John T. Dickert was elected mayor of the city of Racine, Wisconsin, in May 2009. Dickert introduced to the city a ten-year plan partnering with the community to build Racine into one of the “Best Cities in America” to live in within ten years. One part of his vision, as well as one of his first acts as mayor, was to create a budget with zero percent increases without sacrificing services or jobs. One major asset Dickert believes Racine has is what he calls “our greatest natural resources and gems:” our lake and our river. Racine is home to the “Best Tasting Water in America” and Racine’s lake and river water are rated as some of the cleanest in the world. Dickert seeks to make Racine the global leader in fresh water technology. He is the past chair of the Great Lakes & St. Lawrence Cities Initiative, and serves on the U.S. Conference of Mayors Water Council. He also sits on Governor Walker’s Wisconsin Coastal Management Council, which gives funds to communities seeking to implement coastal initiatives. He serves as vice chair of the U.S. Conference of Mayors Metro Economies Committee and is the vice president of the Urban Alliance of Wisconsin Municipalities.
Michael G. Hahn
Mr. Michael G. Hahn is Executive Director of the Southeastern Wisconsin Regional Planning Commission (SEWRPC), and has 30 years of experience in regional planning. Mr. Hahn holds a Bachelor’s Degree in Civil Engineering from the University of Notre Dame and a Master’s Degree in Civil Engineering, with a concentration in water resources, from the University of Minnesota. He is a registered professional engineer and a registered hydrologist in the State of Wisconsin.
Advisors to the Board
Ed Morrison is the Regional Economic Development Advisor at the Center for Regional Development at Purdue University, Indiana, US. He is also an Adjunct Professor at the University of the Sunshine Coast, Australia.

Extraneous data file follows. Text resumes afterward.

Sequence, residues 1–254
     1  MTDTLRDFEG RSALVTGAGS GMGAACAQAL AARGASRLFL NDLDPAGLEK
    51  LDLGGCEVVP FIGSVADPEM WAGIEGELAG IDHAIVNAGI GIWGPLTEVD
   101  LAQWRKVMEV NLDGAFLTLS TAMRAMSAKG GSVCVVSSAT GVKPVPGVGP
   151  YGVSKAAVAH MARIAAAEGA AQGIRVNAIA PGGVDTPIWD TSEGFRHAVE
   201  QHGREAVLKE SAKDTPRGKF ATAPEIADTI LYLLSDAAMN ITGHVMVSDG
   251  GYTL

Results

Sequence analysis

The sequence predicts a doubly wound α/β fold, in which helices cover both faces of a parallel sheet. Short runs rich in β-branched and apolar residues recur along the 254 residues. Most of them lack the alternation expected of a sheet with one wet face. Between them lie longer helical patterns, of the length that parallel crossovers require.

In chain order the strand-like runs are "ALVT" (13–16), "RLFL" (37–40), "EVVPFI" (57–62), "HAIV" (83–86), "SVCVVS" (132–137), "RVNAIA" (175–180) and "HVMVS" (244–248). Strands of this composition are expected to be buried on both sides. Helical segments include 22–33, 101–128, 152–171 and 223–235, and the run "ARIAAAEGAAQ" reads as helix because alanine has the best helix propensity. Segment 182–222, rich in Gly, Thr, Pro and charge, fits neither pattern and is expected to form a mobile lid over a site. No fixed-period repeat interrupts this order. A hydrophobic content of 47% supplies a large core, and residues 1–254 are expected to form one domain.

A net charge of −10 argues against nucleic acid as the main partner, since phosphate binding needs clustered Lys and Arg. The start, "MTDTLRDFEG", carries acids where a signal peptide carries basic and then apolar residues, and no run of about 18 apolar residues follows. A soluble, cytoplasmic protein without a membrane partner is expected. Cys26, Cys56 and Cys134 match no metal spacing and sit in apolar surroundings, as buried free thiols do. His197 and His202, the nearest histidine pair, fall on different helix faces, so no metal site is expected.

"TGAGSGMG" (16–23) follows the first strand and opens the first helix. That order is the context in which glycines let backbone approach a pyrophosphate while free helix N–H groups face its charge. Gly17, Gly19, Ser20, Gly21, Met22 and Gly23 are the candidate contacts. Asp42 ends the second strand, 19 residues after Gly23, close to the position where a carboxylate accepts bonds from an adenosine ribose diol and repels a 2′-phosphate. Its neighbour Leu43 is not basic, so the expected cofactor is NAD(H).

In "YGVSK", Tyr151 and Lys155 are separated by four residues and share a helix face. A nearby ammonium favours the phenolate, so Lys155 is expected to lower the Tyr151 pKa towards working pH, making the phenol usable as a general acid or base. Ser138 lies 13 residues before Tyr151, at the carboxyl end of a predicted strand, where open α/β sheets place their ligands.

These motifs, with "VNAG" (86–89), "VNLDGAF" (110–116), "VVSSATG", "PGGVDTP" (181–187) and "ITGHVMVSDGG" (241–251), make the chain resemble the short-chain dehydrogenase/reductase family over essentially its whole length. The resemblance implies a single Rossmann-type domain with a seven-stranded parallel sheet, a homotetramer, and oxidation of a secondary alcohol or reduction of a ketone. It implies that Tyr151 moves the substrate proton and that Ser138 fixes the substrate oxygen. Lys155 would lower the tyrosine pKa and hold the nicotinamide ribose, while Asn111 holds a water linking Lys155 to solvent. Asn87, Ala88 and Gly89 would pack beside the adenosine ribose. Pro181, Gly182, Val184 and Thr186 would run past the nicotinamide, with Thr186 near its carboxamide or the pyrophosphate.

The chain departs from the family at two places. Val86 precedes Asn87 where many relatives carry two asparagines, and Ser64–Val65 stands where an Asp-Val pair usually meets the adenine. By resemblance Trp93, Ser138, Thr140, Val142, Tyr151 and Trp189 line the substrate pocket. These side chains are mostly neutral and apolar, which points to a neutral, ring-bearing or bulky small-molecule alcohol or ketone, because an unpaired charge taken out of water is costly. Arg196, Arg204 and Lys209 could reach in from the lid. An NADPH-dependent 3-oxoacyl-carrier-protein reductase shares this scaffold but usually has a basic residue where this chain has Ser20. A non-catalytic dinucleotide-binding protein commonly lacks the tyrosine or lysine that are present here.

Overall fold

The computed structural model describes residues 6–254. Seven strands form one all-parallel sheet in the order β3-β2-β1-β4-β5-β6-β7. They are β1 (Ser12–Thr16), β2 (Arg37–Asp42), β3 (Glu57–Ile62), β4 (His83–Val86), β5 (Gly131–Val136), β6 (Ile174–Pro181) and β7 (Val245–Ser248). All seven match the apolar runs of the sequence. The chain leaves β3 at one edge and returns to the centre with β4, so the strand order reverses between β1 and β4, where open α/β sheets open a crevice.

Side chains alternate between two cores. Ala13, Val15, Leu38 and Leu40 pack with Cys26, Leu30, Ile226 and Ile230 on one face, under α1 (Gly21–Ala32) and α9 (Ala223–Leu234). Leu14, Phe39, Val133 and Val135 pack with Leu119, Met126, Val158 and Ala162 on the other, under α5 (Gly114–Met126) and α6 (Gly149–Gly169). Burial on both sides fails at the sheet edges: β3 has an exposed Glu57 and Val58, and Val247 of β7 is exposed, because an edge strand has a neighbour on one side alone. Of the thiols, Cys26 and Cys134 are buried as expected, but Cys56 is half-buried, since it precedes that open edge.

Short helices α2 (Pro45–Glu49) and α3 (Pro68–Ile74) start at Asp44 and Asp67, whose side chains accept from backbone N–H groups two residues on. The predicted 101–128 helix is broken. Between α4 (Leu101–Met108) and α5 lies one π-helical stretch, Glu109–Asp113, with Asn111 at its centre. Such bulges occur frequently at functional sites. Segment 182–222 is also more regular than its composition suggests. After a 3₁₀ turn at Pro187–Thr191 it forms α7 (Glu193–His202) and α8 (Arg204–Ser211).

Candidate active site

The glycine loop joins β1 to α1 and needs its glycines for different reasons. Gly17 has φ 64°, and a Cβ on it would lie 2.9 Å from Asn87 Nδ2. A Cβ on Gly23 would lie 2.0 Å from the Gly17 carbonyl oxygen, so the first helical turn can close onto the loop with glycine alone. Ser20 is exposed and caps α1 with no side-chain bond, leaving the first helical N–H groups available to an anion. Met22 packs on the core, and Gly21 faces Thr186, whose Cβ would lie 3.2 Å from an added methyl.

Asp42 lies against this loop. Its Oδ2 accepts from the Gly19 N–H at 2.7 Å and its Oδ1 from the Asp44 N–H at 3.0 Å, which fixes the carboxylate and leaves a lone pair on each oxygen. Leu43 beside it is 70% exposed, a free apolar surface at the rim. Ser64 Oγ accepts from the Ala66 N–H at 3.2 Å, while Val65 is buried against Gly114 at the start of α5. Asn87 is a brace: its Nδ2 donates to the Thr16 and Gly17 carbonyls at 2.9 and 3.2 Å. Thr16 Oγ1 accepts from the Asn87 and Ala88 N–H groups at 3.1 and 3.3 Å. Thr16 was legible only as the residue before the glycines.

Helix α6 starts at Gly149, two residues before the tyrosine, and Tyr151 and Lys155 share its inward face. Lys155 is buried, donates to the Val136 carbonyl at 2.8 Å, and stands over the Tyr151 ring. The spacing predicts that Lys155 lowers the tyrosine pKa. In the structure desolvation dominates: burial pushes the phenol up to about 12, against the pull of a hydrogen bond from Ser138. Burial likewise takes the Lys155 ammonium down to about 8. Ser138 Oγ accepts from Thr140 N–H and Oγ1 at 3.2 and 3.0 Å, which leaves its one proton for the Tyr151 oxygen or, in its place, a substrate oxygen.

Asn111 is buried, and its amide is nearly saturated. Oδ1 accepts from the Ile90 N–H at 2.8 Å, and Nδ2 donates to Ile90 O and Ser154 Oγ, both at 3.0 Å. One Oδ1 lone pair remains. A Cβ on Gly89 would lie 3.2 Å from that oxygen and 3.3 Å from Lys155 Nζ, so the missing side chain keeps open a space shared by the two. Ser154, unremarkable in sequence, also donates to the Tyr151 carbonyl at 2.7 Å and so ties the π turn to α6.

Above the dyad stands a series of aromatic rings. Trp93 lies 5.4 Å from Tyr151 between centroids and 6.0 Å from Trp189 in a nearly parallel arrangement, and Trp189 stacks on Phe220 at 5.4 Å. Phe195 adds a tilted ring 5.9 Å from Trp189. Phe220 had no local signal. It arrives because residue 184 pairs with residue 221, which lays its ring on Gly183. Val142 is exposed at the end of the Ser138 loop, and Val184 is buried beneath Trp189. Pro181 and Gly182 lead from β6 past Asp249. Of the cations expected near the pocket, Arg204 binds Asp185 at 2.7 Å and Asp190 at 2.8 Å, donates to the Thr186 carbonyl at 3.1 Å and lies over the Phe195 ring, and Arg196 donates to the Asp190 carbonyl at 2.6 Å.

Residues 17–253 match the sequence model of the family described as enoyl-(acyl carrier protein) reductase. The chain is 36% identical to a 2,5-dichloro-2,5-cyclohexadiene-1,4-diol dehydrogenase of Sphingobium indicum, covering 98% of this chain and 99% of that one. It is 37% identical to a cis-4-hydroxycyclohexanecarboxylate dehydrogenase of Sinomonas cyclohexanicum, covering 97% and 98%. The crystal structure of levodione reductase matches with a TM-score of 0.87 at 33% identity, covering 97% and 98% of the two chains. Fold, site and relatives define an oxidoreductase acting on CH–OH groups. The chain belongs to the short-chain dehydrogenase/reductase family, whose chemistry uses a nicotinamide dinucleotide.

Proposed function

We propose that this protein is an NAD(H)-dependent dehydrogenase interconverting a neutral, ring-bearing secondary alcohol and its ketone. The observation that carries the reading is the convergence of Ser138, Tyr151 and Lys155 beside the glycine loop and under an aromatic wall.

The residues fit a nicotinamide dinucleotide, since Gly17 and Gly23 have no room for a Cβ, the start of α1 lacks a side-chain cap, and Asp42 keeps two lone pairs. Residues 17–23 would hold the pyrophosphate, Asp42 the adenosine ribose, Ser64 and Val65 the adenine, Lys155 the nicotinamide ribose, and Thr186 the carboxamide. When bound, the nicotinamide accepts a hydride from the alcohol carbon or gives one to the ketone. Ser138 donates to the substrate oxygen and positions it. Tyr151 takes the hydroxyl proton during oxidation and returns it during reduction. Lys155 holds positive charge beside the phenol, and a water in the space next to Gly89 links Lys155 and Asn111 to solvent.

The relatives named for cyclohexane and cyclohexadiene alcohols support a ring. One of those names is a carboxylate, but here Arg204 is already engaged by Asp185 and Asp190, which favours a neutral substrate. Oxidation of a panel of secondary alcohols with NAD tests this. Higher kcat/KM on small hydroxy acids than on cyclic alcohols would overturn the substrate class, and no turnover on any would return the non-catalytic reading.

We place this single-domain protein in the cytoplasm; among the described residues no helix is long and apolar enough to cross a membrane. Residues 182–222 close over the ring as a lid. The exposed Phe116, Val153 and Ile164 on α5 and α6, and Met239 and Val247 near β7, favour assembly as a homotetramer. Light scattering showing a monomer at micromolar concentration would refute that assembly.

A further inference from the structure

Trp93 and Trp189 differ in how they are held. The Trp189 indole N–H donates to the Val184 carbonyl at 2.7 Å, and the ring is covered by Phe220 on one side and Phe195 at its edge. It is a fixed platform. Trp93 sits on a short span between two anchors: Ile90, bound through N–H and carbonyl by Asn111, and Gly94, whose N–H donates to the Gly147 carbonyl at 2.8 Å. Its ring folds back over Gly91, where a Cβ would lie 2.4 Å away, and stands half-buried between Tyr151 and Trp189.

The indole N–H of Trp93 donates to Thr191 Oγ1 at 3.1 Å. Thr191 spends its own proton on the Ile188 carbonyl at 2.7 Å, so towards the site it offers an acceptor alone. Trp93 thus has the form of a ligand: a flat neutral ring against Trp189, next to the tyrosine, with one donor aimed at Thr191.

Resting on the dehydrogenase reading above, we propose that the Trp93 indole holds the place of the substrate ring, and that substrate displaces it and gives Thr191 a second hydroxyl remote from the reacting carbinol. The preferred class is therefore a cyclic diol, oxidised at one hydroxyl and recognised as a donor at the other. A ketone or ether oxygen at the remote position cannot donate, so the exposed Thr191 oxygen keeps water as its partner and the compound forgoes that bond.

For over twenty years, Ed Morrison has conducted strategy projects with economic and workforce developers in the US emphasizing the strategic value of focused regional collaborations and network-based models in today’s global economy.
Ed developed a new discipline called Strategic Doing to accelerate these collaborations that is widely used across the US and gaining attention internationally. His work won the first Arthur D. Little Award for excellence in economic development presented by the American Economic Development Council.
Dr. Carmel Ruffolo, is the Associate Vice President for Research and Innovation at Marquette University. Currently, Dr. Ruffolo is also the Director of the Wisconsin Center for Commercialization Resources (WCCR), a joint collaboration with Marquette University, Milwaukee School of Engineering, UW-Milwaukee and UW-Parkside that is supported by the Economic Development Administration. She has an extensive network of partners and collaborators in the business, academic and government sectors.
Dr. Ruffolo works closely with regional companies, universities and other organizations such as The Water Council and Mid-West Energy Research Consortium (M-WERC) to address the many interest and goals of the universities. She is actively involved in tri-state initiatives in WI, IL and IN, focusing on manufacturing and workforce development and was integrally engaged with the Organization for Economic Cooperation and Development (OECD) Tri-State Territorial Review, serving as a Wisconsin delegate to the OECD. She now serves as the Wisconsin Chair of the Operational Committee for the Alliance for Regional Development. Dr. Ruffolo has collaborated with Purdue University in applying Strategic Doing in a number of regional initiatives.